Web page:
By Kim Polacek
There is a new Chimeric Antigen Receptor Therapy (CAR T) option for patients with diffuse large B-cell lymphoma (DLBCL). The Food and Drug Administration (FDA) approved the expanded use of Novartis’s KymriahTM on May 1. Previously, the therapy was available for children and young adults up to 25 years of age with B-cell precursor acute lymphoblastic leukemia (ALL). Now, Kymriah is available for adults 18 years of age and older with DLBCL who have relapsed after previous therapies.
“CAR T therapy has revolutionized the way we treat patients with B-cell malignancies. It has given patients who have relapsed on previous therapies hope that they can overcome their disease. With this approval, we now have two therapy options for diffuse large B-cell lymphoma patients – Kymriah or Gilead’s Yescarta™. Moffitt is the only certified treatment center in the state of Florida that can offer both therapies to its patients,” said Frederick Locke, M.D., Vice Chair of the Department of Blood and Marrow Transplant and Cellular Immunotherapy.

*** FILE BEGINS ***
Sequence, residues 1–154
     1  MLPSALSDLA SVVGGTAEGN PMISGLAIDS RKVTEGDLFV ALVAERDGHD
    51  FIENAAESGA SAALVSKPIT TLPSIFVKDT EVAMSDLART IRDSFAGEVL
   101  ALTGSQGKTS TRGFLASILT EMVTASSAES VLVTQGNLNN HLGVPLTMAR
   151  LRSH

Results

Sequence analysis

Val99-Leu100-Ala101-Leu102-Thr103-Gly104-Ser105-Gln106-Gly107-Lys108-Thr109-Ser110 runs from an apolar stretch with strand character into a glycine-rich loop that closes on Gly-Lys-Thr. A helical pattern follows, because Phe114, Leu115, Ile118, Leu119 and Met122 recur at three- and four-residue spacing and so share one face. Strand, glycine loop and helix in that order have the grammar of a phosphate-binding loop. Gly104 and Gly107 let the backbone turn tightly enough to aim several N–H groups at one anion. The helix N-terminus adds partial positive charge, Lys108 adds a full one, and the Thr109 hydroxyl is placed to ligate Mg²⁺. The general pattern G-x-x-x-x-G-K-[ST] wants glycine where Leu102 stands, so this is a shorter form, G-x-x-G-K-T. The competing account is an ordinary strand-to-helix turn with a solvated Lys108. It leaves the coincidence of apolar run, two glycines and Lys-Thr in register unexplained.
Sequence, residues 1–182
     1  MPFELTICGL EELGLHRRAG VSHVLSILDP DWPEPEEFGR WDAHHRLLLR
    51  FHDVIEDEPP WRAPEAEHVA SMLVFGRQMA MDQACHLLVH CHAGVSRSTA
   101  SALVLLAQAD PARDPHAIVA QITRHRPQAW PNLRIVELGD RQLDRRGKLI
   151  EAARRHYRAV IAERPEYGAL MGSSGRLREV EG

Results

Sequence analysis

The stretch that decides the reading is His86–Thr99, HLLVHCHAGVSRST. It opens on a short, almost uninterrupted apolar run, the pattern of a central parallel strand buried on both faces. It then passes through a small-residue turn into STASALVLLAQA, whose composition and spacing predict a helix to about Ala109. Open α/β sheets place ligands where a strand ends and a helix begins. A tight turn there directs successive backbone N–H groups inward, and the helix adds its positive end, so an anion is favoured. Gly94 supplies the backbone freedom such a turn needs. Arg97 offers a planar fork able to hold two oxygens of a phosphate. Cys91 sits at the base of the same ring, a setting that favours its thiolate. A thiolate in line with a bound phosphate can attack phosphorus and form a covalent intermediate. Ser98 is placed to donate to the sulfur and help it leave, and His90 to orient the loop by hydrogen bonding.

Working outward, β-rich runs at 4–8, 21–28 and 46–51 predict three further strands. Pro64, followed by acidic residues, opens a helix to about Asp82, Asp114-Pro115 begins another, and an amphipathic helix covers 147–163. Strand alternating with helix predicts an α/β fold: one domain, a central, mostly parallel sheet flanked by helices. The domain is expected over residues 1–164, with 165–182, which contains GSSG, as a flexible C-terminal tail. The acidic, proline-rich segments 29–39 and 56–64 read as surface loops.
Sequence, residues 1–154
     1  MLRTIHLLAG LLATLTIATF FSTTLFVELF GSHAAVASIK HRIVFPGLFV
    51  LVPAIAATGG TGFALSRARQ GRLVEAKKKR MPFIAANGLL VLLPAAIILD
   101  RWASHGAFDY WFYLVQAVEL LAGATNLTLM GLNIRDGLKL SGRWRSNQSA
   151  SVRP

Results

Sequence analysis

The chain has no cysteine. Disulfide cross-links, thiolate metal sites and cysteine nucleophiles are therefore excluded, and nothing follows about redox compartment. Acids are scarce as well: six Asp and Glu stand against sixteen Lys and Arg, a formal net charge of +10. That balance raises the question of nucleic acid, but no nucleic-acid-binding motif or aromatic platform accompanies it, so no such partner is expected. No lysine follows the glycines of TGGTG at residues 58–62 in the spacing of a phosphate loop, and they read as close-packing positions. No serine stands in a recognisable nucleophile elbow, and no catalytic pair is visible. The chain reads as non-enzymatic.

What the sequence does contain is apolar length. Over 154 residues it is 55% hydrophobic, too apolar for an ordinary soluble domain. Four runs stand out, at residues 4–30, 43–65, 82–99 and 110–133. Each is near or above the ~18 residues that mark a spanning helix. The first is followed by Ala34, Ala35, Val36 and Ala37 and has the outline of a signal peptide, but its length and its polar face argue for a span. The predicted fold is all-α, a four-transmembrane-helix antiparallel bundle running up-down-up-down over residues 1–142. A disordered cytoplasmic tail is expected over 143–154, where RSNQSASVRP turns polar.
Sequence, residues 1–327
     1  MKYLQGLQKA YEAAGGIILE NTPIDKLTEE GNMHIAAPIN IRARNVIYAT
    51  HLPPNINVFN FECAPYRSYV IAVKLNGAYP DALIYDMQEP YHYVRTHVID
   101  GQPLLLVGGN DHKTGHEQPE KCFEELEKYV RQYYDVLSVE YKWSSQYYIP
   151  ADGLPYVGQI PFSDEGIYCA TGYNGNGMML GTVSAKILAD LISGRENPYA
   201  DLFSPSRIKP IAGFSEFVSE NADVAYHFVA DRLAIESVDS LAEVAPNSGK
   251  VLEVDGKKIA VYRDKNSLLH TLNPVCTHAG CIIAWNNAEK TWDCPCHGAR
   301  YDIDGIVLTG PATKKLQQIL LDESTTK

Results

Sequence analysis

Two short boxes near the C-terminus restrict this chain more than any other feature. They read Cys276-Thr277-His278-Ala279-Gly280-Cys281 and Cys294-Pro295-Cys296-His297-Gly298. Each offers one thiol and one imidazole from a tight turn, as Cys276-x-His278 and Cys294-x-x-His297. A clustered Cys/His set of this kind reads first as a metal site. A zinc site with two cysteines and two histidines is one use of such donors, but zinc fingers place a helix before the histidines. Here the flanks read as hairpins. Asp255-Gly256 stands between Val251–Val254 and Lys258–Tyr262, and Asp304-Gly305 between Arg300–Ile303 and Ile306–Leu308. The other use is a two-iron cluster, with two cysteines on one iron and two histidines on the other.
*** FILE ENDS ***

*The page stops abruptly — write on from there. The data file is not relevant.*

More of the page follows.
“Kymriah has proved to be a great advance in acute lymphoblastic leukemia. Patients can go into complete remission with one infusion of this gene therapy,” said Bijal Shah, M.D., assistant member of the Department of Malignant Hematology. “We are excited to be able to bring Kymriah to even more of our patients who are not seeing improvement with current therapies.”
CAR T is a personalized gene therapy using a patient's own immune cells, or T cells, to fight cancer. For this treatment, a patient's T cells are removed and engineered with additional receptors to help identify, attack and ultimately destroy the cancer cells. The re-engineered T cells are then infused back into the patient's body in a single treatment, enabling the body's immune system to better combat the disease.
“Moffitt is a leader in CAR T therapy. We have treated more than 80 patients with this therapy in the clinical trial and commercial setting,” said Locke. “We have also increased our staff and expanded our clinical space to accommodate our CAR T patients.”
Moffitt is involved in multiple clinical trials investigating the use of CAR T therapy for other cancers including multiple myeloma.